Your Fitbit or Apple Watch may soon be telling your life insurance company all about you
By Matt Smith
The American life insurance firm John Hancock recently announced that beginning in 2019 its policies will incorporate fitness-tracking data from wearable devices such as the Fitbit and the Apple Watch. Rather than underwriting traditional life insurance policies, the company is moving to what’s called “interactive insurance”—premiums are calculated based on health data provided to the company by its customers using fitness-tracking apps. Customers won’t be required to provide the data, but they’ll be rewarded for doing so, as healthy habits earn them lower life insurance costs, as well as bonus gift cards from various retailers.
John Hancock is owned by Canada’s Manulife Financial Corp., so interactive insurance is likely to be introduced in Canada in the not-too-distant future.
This may sound like a fantastic idea—meet your exercise targets and you’ll get fit, stay fit, and pay less for insurance—but some have raised concerns. Among these is privacy—interactive insurance allows the insurer unfettered access to information such as your whereabouts. Currently, John Hancock customers can opt out of sharing their fitness data, but doing so comes at the cost of being ineligible for discounts.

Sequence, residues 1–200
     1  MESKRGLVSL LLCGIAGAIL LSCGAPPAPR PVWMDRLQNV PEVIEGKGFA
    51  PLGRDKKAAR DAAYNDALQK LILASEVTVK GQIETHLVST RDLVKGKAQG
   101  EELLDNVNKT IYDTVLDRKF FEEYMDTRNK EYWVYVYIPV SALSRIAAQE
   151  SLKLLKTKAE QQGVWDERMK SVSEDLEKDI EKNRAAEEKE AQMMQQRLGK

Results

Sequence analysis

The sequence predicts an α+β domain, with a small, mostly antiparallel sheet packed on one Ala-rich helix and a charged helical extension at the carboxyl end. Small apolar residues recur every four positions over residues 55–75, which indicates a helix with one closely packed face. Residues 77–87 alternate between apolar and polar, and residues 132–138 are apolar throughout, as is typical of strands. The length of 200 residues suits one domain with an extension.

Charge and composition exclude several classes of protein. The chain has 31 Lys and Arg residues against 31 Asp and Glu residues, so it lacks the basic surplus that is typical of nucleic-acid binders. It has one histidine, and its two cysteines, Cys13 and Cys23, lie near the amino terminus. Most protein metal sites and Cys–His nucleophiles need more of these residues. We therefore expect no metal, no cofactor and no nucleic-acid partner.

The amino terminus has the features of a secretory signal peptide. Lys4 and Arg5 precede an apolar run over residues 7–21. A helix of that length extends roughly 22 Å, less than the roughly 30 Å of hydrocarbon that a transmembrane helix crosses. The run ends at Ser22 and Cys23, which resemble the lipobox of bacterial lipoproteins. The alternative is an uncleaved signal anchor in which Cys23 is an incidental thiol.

An even greater issue arises from the effectiveness of the technology itself. The fitness-tracking devices currently on the market are designed for personal use—not rigorous medical testing. They’re designed to help you enjoy a more active lifestyle, but they’re not without their flaws as the technology is still relatively new. An FAQ section on the Fitbit website details the various limitations of their devices, which are designed to monitor running and walking exercises, and therefore may not accurately represent other physical activities such as cycling.
Older adults are especially at-risk for being affected by these reporting inaccuracies, as their workout habits are often less intensive than those of younger generations. These inaccuracies can be annoying when you’re trying to track your own fitness progress, but they can create real problems when your insurance premiums are on the line.